We in ACB strive to attain equal access with sighted people to the world around us. After all, accessibility is a civil and human right. However, despite the well-known digital divide in this country and around the globe, most sighted people don’t have to depend entirely on digital devices and applications to access the world around them. Without smartphones and tablets they can still follow signs, read print, identify objects and people, and navigate their neighborhoods and beyond.
Most dedicated devices manufactured especially for blind people are even more costly and unaffordable for low-income individuals. Unlike many other industrialized countries, the United States does not provide heavily subsidized or free assistive and mainstream technology equipment to most disabled people. Because of this glaring deficiency, many blind people find it extremely difficult to obtain adequate education and employment. They cannot compete equally with their blind technology-equipped and sighted peers. They cannot travel as easily as those blind people who have the latest artificial intelligence-based applications.
Most industrialized nations provide disabled people with a disability pension or allowance to offset the high costs of living with a disability. Not so the United States. Interestingly, however, one state — Missouri — does provide a disability pension to its disabled residents. A disability pension allows people to save money for such expenses as paying readers, shoppers and attendants, and acquiring money to buy mainstream and assistive technology devices.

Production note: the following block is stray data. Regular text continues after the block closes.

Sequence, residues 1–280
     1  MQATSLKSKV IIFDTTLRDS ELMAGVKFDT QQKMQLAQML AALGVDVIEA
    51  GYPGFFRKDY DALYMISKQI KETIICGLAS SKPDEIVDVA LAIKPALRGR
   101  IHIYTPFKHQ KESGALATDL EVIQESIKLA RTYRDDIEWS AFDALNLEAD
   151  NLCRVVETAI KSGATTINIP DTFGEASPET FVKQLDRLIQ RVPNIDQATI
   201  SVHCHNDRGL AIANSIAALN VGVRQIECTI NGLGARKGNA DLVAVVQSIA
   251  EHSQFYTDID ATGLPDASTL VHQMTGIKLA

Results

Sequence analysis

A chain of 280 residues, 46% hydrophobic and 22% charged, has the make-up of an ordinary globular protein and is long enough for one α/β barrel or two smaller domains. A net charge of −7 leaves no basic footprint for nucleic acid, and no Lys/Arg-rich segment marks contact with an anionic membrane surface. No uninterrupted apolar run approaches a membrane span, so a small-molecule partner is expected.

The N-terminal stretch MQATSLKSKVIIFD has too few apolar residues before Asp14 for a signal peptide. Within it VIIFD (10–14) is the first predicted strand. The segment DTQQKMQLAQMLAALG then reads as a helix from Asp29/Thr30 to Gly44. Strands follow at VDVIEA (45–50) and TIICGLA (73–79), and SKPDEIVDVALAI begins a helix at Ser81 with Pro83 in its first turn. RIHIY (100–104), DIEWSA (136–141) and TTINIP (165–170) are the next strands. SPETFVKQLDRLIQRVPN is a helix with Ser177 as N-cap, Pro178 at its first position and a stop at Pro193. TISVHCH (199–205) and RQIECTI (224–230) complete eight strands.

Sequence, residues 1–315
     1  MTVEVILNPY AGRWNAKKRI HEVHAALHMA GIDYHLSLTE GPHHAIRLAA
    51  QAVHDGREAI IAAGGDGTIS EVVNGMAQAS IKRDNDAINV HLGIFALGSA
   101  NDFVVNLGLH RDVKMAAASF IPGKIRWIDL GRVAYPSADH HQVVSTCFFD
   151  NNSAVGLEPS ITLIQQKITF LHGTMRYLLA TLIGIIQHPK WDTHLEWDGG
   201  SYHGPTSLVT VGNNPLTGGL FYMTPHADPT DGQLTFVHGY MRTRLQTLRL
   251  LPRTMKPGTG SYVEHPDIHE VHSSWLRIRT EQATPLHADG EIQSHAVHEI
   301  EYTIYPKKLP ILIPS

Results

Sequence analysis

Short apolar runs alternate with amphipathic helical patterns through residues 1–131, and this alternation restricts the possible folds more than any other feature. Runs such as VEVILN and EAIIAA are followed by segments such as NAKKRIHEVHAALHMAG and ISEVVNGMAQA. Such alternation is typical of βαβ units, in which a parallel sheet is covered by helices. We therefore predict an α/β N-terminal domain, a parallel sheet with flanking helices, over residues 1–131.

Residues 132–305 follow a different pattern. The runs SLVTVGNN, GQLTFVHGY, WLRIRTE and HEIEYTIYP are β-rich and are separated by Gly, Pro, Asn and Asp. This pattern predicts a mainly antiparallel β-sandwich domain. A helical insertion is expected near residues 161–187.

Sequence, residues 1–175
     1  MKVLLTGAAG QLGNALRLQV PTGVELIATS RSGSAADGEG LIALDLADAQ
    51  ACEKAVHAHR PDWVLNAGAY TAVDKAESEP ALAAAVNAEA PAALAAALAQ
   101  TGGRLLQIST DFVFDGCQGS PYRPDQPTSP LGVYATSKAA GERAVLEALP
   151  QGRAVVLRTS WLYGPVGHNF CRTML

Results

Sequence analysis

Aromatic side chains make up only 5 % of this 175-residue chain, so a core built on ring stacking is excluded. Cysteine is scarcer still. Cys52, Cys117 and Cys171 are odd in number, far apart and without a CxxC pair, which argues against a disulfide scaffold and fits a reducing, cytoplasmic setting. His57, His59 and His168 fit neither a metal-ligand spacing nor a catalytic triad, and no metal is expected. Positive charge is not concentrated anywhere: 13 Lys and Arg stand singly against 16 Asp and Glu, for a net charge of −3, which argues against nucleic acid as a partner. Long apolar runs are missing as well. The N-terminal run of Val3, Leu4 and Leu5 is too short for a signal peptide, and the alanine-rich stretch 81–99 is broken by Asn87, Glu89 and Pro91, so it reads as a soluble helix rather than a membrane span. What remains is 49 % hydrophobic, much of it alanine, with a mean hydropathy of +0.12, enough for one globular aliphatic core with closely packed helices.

One of the reasons that low-income blind people have been left behind is that accessibility to many aspects of daily life is increasingly based on smart devices and applications. That is all well and good for some of us. But is it fair to depend completely on this type of accessibility, which excludes the majority of blind people? Shouldn’t we also strive to advocate for accessibility technologies and standards that don’t depend on devices and applications?